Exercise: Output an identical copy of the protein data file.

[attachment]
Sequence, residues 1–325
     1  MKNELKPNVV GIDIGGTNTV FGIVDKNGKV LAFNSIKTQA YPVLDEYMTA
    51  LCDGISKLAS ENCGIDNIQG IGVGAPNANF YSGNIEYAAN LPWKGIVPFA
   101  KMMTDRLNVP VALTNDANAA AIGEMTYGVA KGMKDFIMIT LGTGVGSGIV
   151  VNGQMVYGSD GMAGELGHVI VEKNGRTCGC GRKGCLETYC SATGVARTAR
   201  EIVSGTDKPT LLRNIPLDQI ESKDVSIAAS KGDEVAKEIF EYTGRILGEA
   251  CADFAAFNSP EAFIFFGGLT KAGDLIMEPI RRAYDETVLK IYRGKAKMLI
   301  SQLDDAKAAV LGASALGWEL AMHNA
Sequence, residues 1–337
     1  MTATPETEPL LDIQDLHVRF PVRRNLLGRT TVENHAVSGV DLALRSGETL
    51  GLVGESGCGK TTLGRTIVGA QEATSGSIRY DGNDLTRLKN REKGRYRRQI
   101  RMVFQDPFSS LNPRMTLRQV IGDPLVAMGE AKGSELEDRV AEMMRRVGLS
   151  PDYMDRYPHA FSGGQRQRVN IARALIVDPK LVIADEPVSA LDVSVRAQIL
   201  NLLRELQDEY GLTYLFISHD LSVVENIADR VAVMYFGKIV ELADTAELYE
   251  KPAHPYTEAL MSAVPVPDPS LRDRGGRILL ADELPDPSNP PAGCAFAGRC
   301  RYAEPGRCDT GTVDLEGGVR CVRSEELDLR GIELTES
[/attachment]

Sequence, residues 1–325
     1  MKNELKPNVV GIDIGGTNTV FGIVDKNGKV LAFNSIKTQA YPVLDEYMTA
    51  LCDGISKLAS ENCGIDNIQG IGVGAPNANF YSGNIEYAAN LPWKGIVPFA
   101  KMMTDRLNVP VALTNDANAA AIGEMTYGVA KGMKDFIMIT LGTGVGSGIV
   151  VNGQMVYGSD GMAGELGHVI VEKNGRTCGC GRKGCLETYC SATGVARTAR
   201  EIVSGTDKPT LLRNIPLDQI ESKDVSIAAS KGDEVAKEIF EYTGRILGEA
   251  CADFAAFNSP EAFIFFGGLT KAGDLIMEPI RRAYDETVLK IYRGKAKMLI
   301  SQLDDAKAAV LGASALGWEL AMHNA
Sequence, residues 1–337
     1  MTATPETEPL LDIQDLHVRF PVRRNLLGRT TVENHAVSGV DLALRSGETL
    51  GLVGESGCGK TTLGRTIVGA QEATSGSIRY DGNDLTRLKN REKGRYRRQI
   101  RMVFQDPFSS LNPRMTLRQV IGDPLVAMGE AKGSELEDRV AEMMRRVGLS
   151  PDYMDRYPHA FSGGQRQRVN IARALIVDPK LVIADEPVSA LDVSVRAQIL
   201  NLLRELQDEY GLTYLFISHD LSVVENIADR VAVMYFGKIV ELADTAELYE
   251  KPAHPYTEAL MSAVPVPDPS LRDRGGRILL ADELPDPSNP PAGCAFAGRC
   301  RYAEPGRCDT GTVDLEGGVR CVRSEELDLR GIELTES